So I’m gonna catch some serious heat for featuring a game which ‘hardcore gamers’ weren’t quite fond of, however, the important thing is that I enjoyed it, and if you give it a chance, you’ll enjoy it too. Dragon Age II is the successor the BioWare’s Dragon Age, a game that was a return to form to Bioware’s early fantasy epics such as Balder’s Gate. Dragon Age II takes the series in a slightly different direction from its precdecessor, and while it moves the saga along in unexpected ways, it turned off many of the series’ more hardcore fans.

DAII isn’t a direct sequel to Dragon Age. It starts in the middle of events that take place in DAI, and its story takes place over a period of ten years. Instead of choosing your character’s race, you play as a human named Hawke. Like Commander Shepard in Mass Effect, you can customize everything about Hawke except his/her last name. In fact, if you change his/her skin color, his/her family members will adopt a similar skin tone and look. You and what remains of your family escape from the village of Lothering as it’s being destroyed by a Darkspawn outbreak. With the help of a familiar friend, you escape to the city of Kirkwall and attempt to rebuild your life. Throughout your years in Kirkwall however, you’ll involve yourself with the city’s politics, history, and many factions that make up its population. You’ll meet several characters, and it’s up to you how things turn out. Varric, a dwarf who joins your party, is narrating your tale. The game also contains several pieces of downloadable content. Mark of the Assassin featured Guild actress Felicia Day, while The Betrayed Prince (which comes free if you purchase the game new) features an all new character.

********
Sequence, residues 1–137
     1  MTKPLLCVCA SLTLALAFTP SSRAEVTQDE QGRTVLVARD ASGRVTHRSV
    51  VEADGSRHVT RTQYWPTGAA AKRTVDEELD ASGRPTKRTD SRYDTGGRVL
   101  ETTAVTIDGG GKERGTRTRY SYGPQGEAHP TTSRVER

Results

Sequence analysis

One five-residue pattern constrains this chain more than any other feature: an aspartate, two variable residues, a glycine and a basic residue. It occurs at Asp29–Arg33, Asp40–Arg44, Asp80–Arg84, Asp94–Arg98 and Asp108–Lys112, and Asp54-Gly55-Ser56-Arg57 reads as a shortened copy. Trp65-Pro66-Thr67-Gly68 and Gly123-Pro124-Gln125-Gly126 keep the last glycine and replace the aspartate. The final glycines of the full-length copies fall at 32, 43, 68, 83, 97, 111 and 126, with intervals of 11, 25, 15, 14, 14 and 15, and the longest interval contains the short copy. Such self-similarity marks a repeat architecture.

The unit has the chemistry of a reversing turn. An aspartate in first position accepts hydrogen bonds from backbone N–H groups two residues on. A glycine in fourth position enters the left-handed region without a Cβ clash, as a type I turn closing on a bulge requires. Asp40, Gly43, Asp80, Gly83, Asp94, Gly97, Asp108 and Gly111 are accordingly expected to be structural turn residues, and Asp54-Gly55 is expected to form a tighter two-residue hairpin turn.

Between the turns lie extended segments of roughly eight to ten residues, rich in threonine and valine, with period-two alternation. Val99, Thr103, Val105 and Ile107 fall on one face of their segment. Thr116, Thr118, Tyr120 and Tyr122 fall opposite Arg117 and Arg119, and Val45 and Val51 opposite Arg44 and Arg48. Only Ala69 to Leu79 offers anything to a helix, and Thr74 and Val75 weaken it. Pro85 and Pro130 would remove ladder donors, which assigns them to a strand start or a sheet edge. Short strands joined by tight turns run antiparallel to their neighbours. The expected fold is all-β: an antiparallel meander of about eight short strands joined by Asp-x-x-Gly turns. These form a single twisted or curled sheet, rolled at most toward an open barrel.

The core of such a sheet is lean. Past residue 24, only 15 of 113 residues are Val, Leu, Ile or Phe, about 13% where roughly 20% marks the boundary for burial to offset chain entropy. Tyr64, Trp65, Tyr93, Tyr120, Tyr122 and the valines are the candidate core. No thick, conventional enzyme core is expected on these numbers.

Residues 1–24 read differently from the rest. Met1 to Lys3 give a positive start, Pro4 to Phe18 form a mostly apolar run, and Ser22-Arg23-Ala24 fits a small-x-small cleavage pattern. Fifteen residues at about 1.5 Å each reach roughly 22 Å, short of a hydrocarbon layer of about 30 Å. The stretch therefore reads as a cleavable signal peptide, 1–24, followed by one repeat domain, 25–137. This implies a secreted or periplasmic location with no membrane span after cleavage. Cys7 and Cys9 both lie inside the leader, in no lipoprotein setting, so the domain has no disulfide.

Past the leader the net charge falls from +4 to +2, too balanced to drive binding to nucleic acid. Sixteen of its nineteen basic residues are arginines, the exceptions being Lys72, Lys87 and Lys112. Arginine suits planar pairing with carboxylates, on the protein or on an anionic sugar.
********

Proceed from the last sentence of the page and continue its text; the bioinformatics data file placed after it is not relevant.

The combat has been simplified from DAI, to the point where some complain that it was ‘dumbed down for consoles’. However, you can still assign tactical roles to members, and your skills are still developed using complex tech trees. The fast-paced combat helps things flow smooth, which is a good thing, as you’ll find yourself revisiting the same environments over and over again, unlike the exploration-heavy first entry. As in any good Bioware game, the characters are well written and developed. Varric, the aforementioned dwarf is hilarious, and the other characters you meet contribute to the game in their own way. Some even have bearings on major events in the plot. You can form relationships with the characters on your team, either gaining their loyalty or becoming their rival. Of course, romance is also an option as well. The conversations of the first game have been replaced with Mass Effect’s dialogue wheel, and it shows what reaction players could get from their dialogue choices. Many statements can be answered with either passive or aggressive attentions, or with a humorous option.

DAII is easiuer to appreciate if you consider that DAI was about the world of Dragon Age and DAII is about the people and politics in that world. While people will complain endlessly about the ‘dumbed down combat’ and repetitiveness, players who give it a change will appreciate it’s storyline, characterization, and the fact that the game establishes plot threads that will no doubt be explored in later installments of the franchise.